There are renewed calls for the government to commit to restoring workers compensation benefits from stakeholders across NSW. Recent forums held by the WorkCover Independent Review Office (WIRO) and the Law Society of NSW have highlighted the systemic problems in the ‘reformed’ WorkCover scheme.
Workers’ compensation has been an ongoing issue under successive governments but the 2012 amendments were arguably the most unfair and unnecessary. Rights to legal assistance were removed for many workers, new thresholds were imposed that mean most worker’s benefits are denied after 2.5 years or less of income assistance and medical support. Even some of the most terribly injured workers are not considered to be “seriously injured” under this scheme.
This means, for example, if a worker has their lower limb amputated, but the stump that remains extends 8cm or more below the knee, they are not classified as “seriously injured”. The same brutal threshold denies benefits to workers with serious back injuries, shoulder reconstructions and debilitating mental illness.
In an affront to the concept of rule of law, the government made the changes retrospective; denying benefits even to people who had obtained past court rulings in their favour or had long settled cases. This is not the first time this happened, the ALP first took this approach when it cut back benefits on 2001.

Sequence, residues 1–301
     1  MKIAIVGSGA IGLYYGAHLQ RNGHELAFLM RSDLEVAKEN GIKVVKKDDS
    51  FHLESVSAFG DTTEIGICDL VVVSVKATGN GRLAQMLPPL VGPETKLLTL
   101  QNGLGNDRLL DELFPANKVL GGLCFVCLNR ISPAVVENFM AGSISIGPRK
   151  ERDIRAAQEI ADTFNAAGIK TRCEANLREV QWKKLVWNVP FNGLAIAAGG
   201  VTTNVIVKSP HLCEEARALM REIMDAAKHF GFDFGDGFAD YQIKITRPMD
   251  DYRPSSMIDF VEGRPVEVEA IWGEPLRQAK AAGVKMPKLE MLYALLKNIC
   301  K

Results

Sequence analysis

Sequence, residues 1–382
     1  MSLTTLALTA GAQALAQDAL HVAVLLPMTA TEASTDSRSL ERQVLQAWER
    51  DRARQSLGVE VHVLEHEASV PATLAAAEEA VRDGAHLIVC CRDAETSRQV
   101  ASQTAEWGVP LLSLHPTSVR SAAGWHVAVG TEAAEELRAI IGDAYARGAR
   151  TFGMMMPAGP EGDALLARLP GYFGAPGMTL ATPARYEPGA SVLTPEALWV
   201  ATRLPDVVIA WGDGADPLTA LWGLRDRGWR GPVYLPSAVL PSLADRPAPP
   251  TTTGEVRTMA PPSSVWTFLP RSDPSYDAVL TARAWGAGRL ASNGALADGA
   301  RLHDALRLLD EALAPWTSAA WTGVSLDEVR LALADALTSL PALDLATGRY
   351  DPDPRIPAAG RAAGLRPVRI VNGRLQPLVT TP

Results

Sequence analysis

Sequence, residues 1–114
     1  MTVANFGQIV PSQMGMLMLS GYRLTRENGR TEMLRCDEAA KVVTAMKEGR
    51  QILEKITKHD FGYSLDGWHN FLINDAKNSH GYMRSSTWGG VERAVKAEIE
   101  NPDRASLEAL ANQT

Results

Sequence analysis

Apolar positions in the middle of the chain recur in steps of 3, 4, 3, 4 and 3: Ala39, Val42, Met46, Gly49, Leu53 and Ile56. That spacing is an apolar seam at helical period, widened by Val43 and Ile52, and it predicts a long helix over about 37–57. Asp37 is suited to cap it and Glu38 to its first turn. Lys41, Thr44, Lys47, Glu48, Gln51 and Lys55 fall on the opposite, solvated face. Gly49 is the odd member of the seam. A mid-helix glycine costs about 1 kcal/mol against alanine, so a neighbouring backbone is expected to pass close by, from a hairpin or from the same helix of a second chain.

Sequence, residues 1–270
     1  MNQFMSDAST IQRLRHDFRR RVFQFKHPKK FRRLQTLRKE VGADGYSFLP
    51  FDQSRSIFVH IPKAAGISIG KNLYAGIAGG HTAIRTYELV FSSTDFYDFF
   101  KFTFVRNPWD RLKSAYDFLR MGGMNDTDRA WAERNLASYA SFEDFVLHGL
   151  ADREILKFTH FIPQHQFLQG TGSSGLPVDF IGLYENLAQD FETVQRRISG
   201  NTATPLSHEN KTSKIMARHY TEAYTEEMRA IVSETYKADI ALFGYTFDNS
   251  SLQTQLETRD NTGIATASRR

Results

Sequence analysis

Last week in Penrith the Law Society held a Workers’ Compensation Forum to hear from injured workers as well as medical and legal experts on the practical implications of the Workers Compensation Amendment Bill 2012 which delivered these harsh and unnecessary cuts to the workers compensation scheme. Speakers at the forum included Immediate Past President of the Law Society of NSW Ros Everett, solicitor and personal injury Accredited Specialist Steve Groves, and Penrith based surgeon with a medico-legal practice in personal injury and negligence Dr Richard Deveridge.
In 2012 the Coalition government argued that the slashing of workers’ compensation benefits was necessary because the scheme was projected to run into deficit, but reports have since shown that the figures which the Government relied upon to push through their savage cuts were based on an incorrect projection. The scheme is now back into a multi-billion dollar surplus and any savings must be urgently returned to injured workers through the restoration of all lost benefits.
One of the most damaging aspects of the 2012 amendments was the ‘Nile Amendment’ which removed injured workers’ right to legal representation. The amendment made it unlawful for lawyers to be paid to help an injured worker review an insurer’s Work Capacity decision. Insurer’s have internal lawyers and specialists making the Work Capacity decisions to deny injured workers benefits (the usual form of the decisions is something to the effect of “despite your nasty back injury we think you can work as a market gardener and have no ongoing wage loss – so benefits denied’). The process of reviewing these decisions is impossibly complex, and many injured workers have poor English, difficulty reading and/or writing. Some have acquired brain injuries. In every case it is unlawful for a solicitor to be paid to assist these workers. They are on their own. They lose their benefits.